An exemplary model depicting a cascade of comparison methods is illustrated in FIG. 9. The detection enhancement operator 42 shown in FIG. 9 is engaged by having a rate sustained within the rate triggering enhancement zone (RTEZ) 44. If the rate is below this RTEZ 44, the detection enhancement operator 42 is not activated and the system continues to monitor the patient's heart rate. If the rate threshold is met, the detection enhancement operator 42 is engaged and subsequently evaluates the following first layer of questioning 75—does comparison method A result in a LOW score and (a Boolean AND) does comparison method D result in a HIGH score? A “yes” answer to this Boolean query unambiguously identifies arrhythmias PVT and VF. Both PVT and VF demonstrate strong indications for these queries, as illustrated in Table 2. Additionally, because these arrhythmias require therapy, the device would then be directed to deliver a therapeutic shock following this “yes” answer. A “no” answer to this Boolean query, however, would result in the detection enhancement operator 42 asking a second layer question 77.

In the second layer of questioning 77, the detection enhancement operator 42 evaluates the following—does comparison method D result in a HIGH score and (a Boolean AND) does comparison method E result in a WIDE score? A “yes” answer to this Boolean query most likely identifies the arrhythmia MVT. The necessity for asking the second layer question 77 is to remove any ambiguity that a MVT arrhythmia did not uncharacteristically correlate highly in comparison method A when asked in the first layer of questioning 75. If a MVT did correlate highly (as indicated as possible in Table 3) the first layer of questioning 70 could miss this arrhythmia that would require treatment. However, by Boolean ANDing comparison method D with comparison method E, the preponderance of MVT arrhythmias would be detected. More specifically, there would be an extremely low probability that a MVT arrhythmia would correlate highly with a stored sinus template and also have a narrow QRS complex. Thus, a “yes” answer to this Boolean query identifies the arrhythmia MVT and a “no” answer to this Boolean query identifies a supraventricular arrhythmia.

FIGS. 10-13 illustrate how the cascade described in FIG. 9 functions on a sample electrocardiogram, and further how the detection enhancement operator 42 identifies an arrhythmia in the sample electrocardiogram. Unlike the method described in FIG. 9, however, the graphs in FIGS. 11-13 are the result of the detection enhancement operator 42 being continually on, and not triggered through an RTEZ 44. As such, the graphs will include markers for both normal sinus rhythms as well as rhythms following a triggering event to illustrate the effectiveness of the cascading technique.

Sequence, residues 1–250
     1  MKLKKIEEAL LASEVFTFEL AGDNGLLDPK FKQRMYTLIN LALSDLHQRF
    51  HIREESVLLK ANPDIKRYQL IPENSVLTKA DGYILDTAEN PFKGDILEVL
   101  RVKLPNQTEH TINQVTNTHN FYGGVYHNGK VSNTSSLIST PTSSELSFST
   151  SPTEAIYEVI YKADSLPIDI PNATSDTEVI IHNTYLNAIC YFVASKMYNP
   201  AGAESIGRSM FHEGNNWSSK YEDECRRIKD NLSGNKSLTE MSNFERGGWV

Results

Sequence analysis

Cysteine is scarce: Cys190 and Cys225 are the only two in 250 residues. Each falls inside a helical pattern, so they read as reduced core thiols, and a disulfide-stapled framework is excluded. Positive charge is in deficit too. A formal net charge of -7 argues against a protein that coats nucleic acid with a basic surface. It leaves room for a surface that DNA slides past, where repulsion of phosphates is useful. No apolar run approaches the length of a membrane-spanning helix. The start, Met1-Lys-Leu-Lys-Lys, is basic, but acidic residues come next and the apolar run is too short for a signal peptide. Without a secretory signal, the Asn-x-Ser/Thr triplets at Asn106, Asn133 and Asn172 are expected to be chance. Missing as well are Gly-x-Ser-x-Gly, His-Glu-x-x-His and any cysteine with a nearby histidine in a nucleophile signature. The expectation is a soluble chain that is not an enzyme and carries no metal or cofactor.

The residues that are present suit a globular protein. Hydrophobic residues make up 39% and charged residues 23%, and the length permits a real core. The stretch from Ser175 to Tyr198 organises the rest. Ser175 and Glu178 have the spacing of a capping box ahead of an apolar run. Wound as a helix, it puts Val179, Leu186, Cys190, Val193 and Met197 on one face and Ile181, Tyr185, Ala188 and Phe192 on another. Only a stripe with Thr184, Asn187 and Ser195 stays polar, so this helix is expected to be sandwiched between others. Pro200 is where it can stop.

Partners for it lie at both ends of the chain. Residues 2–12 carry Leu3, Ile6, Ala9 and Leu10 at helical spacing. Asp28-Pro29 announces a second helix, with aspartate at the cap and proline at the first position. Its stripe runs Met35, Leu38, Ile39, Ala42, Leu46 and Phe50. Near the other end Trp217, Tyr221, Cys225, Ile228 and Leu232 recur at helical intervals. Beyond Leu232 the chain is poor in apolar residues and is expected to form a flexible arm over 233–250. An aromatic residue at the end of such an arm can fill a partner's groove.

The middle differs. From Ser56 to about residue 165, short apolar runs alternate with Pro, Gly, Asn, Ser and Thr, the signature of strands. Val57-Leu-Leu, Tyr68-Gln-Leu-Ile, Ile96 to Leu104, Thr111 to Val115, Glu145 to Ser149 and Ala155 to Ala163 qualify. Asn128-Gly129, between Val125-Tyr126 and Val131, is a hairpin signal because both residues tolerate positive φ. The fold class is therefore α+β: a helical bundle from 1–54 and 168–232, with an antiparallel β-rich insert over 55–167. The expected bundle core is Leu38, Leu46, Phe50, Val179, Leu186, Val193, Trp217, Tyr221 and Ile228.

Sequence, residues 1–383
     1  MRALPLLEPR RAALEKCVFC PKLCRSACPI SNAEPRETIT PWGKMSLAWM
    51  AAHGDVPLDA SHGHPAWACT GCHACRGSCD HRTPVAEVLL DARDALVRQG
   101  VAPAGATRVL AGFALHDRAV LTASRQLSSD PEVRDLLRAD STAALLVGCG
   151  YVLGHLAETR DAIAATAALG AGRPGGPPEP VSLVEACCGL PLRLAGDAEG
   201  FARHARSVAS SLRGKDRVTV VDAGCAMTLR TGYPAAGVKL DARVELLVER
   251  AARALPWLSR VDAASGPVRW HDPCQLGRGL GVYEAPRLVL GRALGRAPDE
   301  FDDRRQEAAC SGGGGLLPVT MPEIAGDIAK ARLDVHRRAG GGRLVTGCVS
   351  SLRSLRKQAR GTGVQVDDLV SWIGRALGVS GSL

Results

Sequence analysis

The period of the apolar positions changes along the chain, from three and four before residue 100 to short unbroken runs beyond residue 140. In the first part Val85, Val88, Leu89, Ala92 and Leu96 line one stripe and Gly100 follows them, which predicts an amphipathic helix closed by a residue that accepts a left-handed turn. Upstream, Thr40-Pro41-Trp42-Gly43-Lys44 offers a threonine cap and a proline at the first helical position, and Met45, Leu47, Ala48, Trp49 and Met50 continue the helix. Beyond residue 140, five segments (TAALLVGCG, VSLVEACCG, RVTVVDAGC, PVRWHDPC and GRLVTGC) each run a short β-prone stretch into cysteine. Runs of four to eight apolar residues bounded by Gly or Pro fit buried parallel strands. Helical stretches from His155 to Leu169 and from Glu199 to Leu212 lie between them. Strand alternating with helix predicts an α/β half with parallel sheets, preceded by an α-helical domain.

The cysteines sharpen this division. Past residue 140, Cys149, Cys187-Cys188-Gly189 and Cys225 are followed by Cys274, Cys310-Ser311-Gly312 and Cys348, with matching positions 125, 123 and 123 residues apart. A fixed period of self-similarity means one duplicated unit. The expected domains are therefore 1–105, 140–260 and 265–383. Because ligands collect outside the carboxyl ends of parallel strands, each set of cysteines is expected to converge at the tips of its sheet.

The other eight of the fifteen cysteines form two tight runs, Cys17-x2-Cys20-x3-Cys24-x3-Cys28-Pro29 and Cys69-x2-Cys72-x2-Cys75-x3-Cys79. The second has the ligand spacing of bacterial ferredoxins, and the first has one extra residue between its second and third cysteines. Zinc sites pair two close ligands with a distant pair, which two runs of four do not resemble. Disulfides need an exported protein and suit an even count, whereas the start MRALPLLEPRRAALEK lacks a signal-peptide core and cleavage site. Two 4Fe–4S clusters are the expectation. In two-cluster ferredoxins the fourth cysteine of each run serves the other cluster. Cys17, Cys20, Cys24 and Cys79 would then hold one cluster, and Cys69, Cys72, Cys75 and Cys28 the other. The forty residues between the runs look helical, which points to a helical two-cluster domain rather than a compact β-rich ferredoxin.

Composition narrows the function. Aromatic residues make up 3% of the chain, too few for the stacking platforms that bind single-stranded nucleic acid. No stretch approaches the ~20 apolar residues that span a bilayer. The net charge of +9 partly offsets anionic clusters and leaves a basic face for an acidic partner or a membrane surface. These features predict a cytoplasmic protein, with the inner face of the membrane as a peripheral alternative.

FIG. 10 is a 500 second sample electrocardiogram having a normal sinus rhythm segment 78 and an arrhythmia segment 79. The rhythm prior to the approximately 215 second mark is indicative of normal sinus. However, following the 215 second mark the rate accelerates abruptly and dramatically.

FIG. 11 depicts graphically the first layer of questioning 75—does comparison method A result in a LOW score and (a Boolean AND) does comparison method D result in a HIGH score? The results of comparison method A are plotted on the y-axis of the graph and the results of comparison method D are plotted on the x-axis. After plotting the results of this question against all of the complexes in the sample electrocardiogram, three distinct regions appear.

The first region 80 in FIG. 11 is indicative of rhythms of supraventricular origin. More specifically, the rhythms in the first region 80 are normal sinus and correspond to those cardiac complexes observed prior to the 215 second mark in the sample electrocardiogram. These rhythms have cardiac complexes that do correlate well with the normal sinus template and would have low variability with a template formed from a preceding complex. As such, these complexes populate the top left hand corner of the graph.

The rhythms populating the second region 82 and the third region 84 of the graph are ventricular in origin and indicative of ventricular arrhythmias. The cardiac complexes comprising the rhythm observed following the 215 second mark include both MVT and PVT rhythms. MVTs generally correlate poorly with a normal sinus template; however, these rhythms do not have considerable variability between complexes. As such, these rhythms have a low variability score (comparison method D) and are found in the second region 82 of the graph. In contrast, although PVTs also correlate poorly with a normal sinus template, they also have considerable variability between succeeding complexes. Thus, these rhythms have a high variability score and would be found populating the third region 84 of the graph.

For cardiac complexes that resulted in a clear “yes” answer to this Boolean query (those complexes populating the third region 84 and some portions of the second region 82), the detection enhancement operator 42 unambiguously identifies the arrhythmias as PVT or VF. Additionally, because these arrhythmias require therapy, the device would then be directed to deliver a therapeutic shock following this “yes” answer. In contrast, a clear “no” answer to this Boolean query (those complexes populating the first region 80 of the graph) would direct the detection enhancement operator 42 to withhold therapy based on the comparisons. Finally, an indecisive or weak “no” answer to this Boolean query (those complexes populating some portions of the second region 82) would result in the detection enhancement operator 12 asking the second layer question 77.